For the Love of a Dog


When I was five years old, I went to bed nightly, praying I'd wake to find I'd magically become Timmy Martin, the little boy that lived on a small family farm somewhere in TV land.  I never worried about the life I'd be leaving behind, or the fact that I was a girl, and Timmy a boy.  I just knew that Timmy owned Lassie, and Lassie loved Timmy, and I'd do just about anything for the love of a dog.

Needless to say, I never woke to find the four-legged love of my life, sleeping at my feet, but I continued to survive the six days in between Lassie episodes, to walk vicariously in Timmy's shoes, if only for thirty minutes a week.  It would be another five years before our beloved Scottie, Duncan would join the family, and by that time, after ten years of watching Lassie save the day, I supposed I knew all I'd ever know about canine loyalty and devotion.  I'd find out years later, that I was wrong.

As much as I loved Duncan, he was clearly my mother's dog, for she was the one that he spent the most time with, home alone together, while we were at school and play.  Mom was the one that took care of his needs, and it was to her he ran when he tired of our rough-housing, or when Dad raised his voice in anger.

Duncan left us, after a long and happy life, the year my second daughter was born, and he remains my mother's one and only.  She's always claimed that he was irreplaceable, and I suppose he was.

With a family of our own, Rick and I agreed to raise our girls with canine companions, which we did.  Scotties continued to be a favorite, but we also opened our door and our hearts to a prissy little Maltese and a yappy Yorkie as well. Our girls and their families continue to share their lives today, with an assortment of lop-eared, tail-waggers.

Liberty and Chloe (with ball)

In 1998, we returned from Europe with my new best friend, Chloe, a chesty, snow-white, yellow lab.  The perfect, soft-mouthed bird-dog and hunting companion, she carried a stuffed doll in lieu of a bird in her velvety-soft muzzle.  In Chloe's honor, we christened our ranch, White Dog Farm.  A year later, Chloe and her mate, Liberty, our bleach-blond, California surfer-dude, surprised us with a litter of ten healthy puppies.  Born in a whelping box where the kitchen table once stood, our house became their nursery and playground.

Unable to choose just one puppy from the litter, our white dog population was expanded to include Summer and Guinness.  One lucky little female, made a cross country trip by air to Pittsburgh, where she resided happily for several years with my aunt and uncle.  Her name is Shannon.

Shannon at Christmas with Lynn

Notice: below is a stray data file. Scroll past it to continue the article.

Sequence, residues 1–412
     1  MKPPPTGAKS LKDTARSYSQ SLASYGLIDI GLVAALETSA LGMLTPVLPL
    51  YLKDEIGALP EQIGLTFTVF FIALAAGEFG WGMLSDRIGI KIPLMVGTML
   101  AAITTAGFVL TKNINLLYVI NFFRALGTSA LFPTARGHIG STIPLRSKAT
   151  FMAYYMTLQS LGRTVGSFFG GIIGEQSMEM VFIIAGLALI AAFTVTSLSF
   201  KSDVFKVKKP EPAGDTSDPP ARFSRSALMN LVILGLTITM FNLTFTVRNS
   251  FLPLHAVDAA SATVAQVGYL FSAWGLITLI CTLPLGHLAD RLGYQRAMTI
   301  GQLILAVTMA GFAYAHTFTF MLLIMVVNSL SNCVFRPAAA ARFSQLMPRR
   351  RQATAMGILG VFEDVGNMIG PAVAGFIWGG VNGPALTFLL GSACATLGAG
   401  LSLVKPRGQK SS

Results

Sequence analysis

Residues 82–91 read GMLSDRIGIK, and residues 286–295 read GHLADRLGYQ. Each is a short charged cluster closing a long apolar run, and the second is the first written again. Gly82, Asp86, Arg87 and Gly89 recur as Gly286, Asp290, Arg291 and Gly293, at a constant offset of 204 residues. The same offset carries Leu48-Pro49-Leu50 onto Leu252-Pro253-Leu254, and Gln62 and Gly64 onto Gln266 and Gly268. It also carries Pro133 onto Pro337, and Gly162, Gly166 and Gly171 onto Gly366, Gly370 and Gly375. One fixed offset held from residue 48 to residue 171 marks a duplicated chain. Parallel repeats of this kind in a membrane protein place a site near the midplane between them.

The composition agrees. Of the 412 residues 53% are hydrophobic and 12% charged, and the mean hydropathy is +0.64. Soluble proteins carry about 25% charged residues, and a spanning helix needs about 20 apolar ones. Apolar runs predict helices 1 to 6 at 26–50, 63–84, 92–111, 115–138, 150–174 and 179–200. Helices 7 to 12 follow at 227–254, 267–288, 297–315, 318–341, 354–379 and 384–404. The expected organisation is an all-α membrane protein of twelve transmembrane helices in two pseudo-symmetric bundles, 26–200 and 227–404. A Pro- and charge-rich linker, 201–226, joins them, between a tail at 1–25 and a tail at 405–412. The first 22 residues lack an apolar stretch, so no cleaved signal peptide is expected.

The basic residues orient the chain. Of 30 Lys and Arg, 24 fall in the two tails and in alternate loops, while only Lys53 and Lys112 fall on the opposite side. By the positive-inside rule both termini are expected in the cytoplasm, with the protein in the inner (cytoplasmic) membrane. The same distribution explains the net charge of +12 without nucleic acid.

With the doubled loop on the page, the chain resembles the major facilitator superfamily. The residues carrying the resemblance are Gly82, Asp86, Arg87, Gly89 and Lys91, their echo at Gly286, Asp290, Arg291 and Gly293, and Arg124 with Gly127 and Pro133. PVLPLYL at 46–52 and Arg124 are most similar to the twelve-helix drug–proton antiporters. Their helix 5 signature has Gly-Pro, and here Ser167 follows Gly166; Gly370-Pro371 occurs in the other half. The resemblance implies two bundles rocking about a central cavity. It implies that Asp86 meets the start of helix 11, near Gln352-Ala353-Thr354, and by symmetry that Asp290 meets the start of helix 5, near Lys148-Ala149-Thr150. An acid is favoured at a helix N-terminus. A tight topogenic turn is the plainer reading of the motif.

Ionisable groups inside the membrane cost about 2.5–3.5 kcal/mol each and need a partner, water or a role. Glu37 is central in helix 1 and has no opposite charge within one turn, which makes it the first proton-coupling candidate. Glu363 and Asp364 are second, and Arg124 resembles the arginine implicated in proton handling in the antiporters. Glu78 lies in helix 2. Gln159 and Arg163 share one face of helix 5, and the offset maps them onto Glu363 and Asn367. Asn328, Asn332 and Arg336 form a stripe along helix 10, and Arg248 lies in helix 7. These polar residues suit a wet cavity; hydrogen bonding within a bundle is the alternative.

Shannon was thoroughly devoted to her mistress, my aunt Lynn, who though married, had no children of her own.  Her dogs were her kids, and Shannon was her all-time favorite, and constant companion.  When Lynn was diagnosed with cancer and fell ill, Shannon never left her side. I can still see her, curled up on the floor a few feet from the sofa where Lynn laid.  She was careful not to be a menace or obstacle over which her mistress might fall, but was within an easy arms reach if needed for comfort.

We all worried for Shannon when Lynn died, realizing she'd be spending her days with little if any human companionship. But, she obediently adjusted to spending ten or more hours alone in a dark basement with her young canine companion Maggie.  My uncle died less than two years after his wife, leaving Shannon and Maggie, orphaned.  Fulfilling a promise I'd made to my aunt years before, we adopted the pair who joined us in California.  Shannon is the last known-living member of her family, the last of our beloved white dogs.

We reside together today, once again living in Pennsylvania.  Shannon is an old lady now, but no less devoted to me, than she was to her first mistress. Though hobbled with arthritis, she insists upon joining me on my walks around the cottage grounds, never leaving my side to return home ahead.  Ever the vigilant guardian, she is loving and patient with the grandkids and has been known to nap regularly at the foot of the baby stroller or cradle.

I know that my days with Shannon are numbered and I will miss her when she passes away, but I am comforted at the knowledge that her gentle soul will be greeted on the other side by her first lovingly devoted mistress, who I know is waiting.

Shannon, napping in the warm grass at the cottage. I've often wondered, if she dreams of Lynn and the life they shared.

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